- Jefferson played a big role in Texas signing the nation's 11th-ranked recruiting class by texting with several recruits
- Jefferson said it was "very hard" to take a backseat and not lead the team as a freshman
- Though he might be better served on the outside, Jefferson said he's content staying at middle linebacker
Perhaps too humble to admit it, Malik Jefferson went through his freshman season at Texas saying he wasn’t a team leader.
Now, he’s willing to open up and accept that role.
“I’ve earned my stripes,” Jefferson said Wednesday after the second practice of the spring. “I hope my teammates respect that.”
There was never any doubt that Jefferson, a former five-star recruit and a freshman All-American at linebacker, would in time become the face of the franchise. That time appears to be now.
On a team deprived of veterans — many of whom have not accomplished much on the field — Jefferson and members of the sophomore class are taking ownership of the program. Three of them — Jefferson, defensive end Charles Omenihu and safety P.J. Locke — got involved in recruiting a 2016 class that turned heads by adding nine members in the final two days of the signing period and climbing to No. 11 nationally. Jefferson, whose own highly-publicized recruitment ended with him spurning Texas A&M for Texas, said he had talks with many recruits along the way, such as Manor’s Erick Fowler, who flipped to Texas from LSU, and also invited open dialogue on group text messaging threads.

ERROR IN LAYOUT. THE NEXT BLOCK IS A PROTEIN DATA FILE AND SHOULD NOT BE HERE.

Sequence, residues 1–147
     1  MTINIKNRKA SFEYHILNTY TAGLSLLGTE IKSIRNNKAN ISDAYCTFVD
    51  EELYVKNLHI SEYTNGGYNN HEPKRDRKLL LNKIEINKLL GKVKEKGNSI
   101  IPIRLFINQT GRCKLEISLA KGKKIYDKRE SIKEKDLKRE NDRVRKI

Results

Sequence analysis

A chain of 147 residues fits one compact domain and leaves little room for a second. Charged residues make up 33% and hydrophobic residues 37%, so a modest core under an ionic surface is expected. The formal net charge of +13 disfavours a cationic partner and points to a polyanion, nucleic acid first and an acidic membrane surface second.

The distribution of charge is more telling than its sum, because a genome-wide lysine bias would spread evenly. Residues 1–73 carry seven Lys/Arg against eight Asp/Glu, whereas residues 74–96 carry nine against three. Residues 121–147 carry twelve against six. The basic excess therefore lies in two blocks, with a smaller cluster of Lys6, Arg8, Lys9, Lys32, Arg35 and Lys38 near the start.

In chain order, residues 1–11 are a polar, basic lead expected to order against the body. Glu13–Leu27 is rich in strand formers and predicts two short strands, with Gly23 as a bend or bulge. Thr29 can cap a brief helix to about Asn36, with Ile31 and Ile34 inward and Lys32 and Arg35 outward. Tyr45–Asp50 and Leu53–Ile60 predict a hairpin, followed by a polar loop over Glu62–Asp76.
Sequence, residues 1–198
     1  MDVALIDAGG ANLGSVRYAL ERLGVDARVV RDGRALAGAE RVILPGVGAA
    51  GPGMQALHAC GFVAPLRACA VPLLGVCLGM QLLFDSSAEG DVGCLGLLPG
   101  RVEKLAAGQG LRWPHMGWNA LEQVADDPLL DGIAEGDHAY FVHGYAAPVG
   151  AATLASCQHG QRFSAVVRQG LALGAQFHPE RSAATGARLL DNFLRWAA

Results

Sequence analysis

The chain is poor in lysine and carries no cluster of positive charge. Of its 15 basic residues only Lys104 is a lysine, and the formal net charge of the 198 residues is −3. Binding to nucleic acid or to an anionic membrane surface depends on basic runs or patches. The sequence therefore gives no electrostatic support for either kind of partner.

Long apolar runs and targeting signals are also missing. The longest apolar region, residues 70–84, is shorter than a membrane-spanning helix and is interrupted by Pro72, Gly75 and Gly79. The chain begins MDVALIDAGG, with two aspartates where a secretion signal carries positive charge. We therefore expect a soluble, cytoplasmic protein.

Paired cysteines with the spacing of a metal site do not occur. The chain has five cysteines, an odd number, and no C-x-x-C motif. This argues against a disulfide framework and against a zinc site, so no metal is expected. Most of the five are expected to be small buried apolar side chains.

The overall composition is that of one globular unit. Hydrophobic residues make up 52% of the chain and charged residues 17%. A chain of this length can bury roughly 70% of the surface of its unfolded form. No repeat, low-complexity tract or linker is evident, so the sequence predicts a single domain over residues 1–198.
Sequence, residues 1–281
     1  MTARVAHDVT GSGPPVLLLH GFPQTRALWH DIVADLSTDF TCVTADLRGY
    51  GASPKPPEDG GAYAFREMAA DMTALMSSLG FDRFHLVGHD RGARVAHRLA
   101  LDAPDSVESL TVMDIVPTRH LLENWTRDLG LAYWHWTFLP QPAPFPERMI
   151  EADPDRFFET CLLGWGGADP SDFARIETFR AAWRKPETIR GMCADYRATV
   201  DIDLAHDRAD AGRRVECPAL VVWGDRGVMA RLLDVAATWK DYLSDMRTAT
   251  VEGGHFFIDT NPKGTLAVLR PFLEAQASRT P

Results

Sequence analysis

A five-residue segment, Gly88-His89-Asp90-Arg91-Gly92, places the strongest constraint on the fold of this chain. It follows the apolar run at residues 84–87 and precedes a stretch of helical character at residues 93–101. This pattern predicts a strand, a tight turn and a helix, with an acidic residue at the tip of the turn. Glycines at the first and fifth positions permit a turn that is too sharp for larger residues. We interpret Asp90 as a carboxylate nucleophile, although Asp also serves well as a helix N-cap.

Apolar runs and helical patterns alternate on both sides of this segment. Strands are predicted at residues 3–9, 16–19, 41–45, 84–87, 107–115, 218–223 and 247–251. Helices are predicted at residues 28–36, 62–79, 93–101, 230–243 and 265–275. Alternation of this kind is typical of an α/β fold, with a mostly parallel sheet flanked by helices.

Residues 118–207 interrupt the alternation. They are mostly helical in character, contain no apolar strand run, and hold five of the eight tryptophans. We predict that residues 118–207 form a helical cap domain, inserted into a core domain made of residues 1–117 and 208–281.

When recruits visited campus, Jefferson was among the first players the coaching staff called on asking to be a host.
“I always tried to get the guys that I knew personally, and I tried to get some guys I didn’t know just to test my skills because communication is very important and those guys are really special kids,” Jefferson said.
It sounds like this leadership role fits Jefferson well.
Jefferson said taking a backseat to veterans during last year’s 5-7 season was challenging and doing so “changed who I was.”
“It was very hard, but I knew in my mind I had to do it, and it’s helping me now,” he said.
Though his fast-twitched skills might be better served on the outside, Jefferson is back playing middle linebacker this spring and trying to keep up with the new uptempo offense Sterlin Gilbert has brought with him from Tulsa. If someone like Tim Cole or Breckyn Hager can emerge as a reliable replacement on the inside, it might enable Jefferson to slide to the outside, or even to the hybrid Fox position.
For now, he’s content in the middle, and is up six pounds to 238.
“I don’t mind being in the position I’m in because I look at the longevity of the team and it’s all about what the team needs,” Jefferson said. “For me being (in the middle) if that’s the best position for me at this time, I have to accept it and just grow in it.”
Jefferson, the Big 12 defensive freshman of the year, said veterans on defense were frustrated last year because rookies such as Jefferson and cornerbacks Holton Hill and Davante Davis weren’t always sure of their assignments, making it so “there wouldn’t be any chemistry on the field at all.”
The result was a defense that ranked worst in school history and No. 107 nationally at 452.6 yards per game. Good days, like upset wins against Oklahoma and Baylor (Jefferson was out with an ankle injury) were balanced by embarrassing road losses at TCU and Iowa State.
“Every week, you’d go out and you’d just wonder, are we ready to play today?” Jefferson said.
As a leader, he might be closer to having those answers.